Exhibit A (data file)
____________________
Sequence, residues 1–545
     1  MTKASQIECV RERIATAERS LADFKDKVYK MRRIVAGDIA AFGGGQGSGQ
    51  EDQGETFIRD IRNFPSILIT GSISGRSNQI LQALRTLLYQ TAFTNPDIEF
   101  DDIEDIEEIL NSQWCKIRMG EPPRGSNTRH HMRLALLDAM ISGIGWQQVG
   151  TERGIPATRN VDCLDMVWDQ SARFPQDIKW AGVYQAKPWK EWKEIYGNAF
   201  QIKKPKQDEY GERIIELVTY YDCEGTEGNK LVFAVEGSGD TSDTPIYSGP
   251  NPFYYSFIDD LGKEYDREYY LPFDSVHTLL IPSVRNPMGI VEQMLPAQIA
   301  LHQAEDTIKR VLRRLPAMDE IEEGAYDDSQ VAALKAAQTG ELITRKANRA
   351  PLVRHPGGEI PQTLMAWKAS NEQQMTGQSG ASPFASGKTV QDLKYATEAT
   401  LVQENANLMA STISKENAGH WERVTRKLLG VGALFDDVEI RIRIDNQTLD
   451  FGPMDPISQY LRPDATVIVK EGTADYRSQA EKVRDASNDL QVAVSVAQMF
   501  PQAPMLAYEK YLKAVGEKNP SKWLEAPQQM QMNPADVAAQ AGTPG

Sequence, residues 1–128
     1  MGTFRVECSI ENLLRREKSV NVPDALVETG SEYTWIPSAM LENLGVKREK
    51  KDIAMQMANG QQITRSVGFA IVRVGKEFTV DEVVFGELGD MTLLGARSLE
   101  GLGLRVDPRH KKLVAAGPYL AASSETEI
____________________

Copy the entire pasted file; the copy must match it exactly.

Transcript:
Sequence, residues 1–545
     1  MTKASQIECV RERIATAERS LADFKDKVYK MRRIVAGDIA AFGGGQGSGQ
    51  EDQGETFIRD IRNFPSILIT GSISGRSNQI LQALRTLLYQ TAFTNPDIEF
   101  DDIEDIEEIL NSQWCKIRMG EPPRGSNTRH HMRLALLDAM ISGIGWQQVG
   151  TERGIPATRN VDCLDMVWDQ SARFPQDIKW AGVYQAKPWK EWKEIYGNAF
   201  QIKKPKQDEY GERIIELVTY YDCEGTEGNK LVFAVEGSGD TSDTPIYSGP
   251  NPFYYSFIDD LGKEYDREYY LPFDSVHTLL IPSVRNPMGI VEQMLPAQIA
   301  LHQAEDTIKR VLRRLPAMDE IEEGAYDDSQ VAALKAAQTG ELITRKANRA
   351  PLVRHPGGEI PQTLMAWKAS NEQQMTGQSG ASPFASGKTV QDLKYATEAT
   401  LVQENANLMA STISKENAGH WERVTRKLLG VGALFDDVEI RIRIDNQTLD
   451  FGPMDPISQY LRPDATVIVK EGTADYRSQA EKVRDASNDL QVAVSVAQMF
   501  PQAPMLAYEK YLKAVGEKNP SKWLEAPQQM QMNPADVAAQ AGTPG

Sequence, residues 1–128
     1  MGTFRVECSI ENLLRREKSV NVPDALVETG SEYTWIPSAM LENLGVKREK
    51  KDIAMQMANG QQITRSVGFA IVRVGKEFTV DEVVFGELGD MTLLGARSLE
   101  GLGLRVDPRH KKLVAAGPYL AASSETEI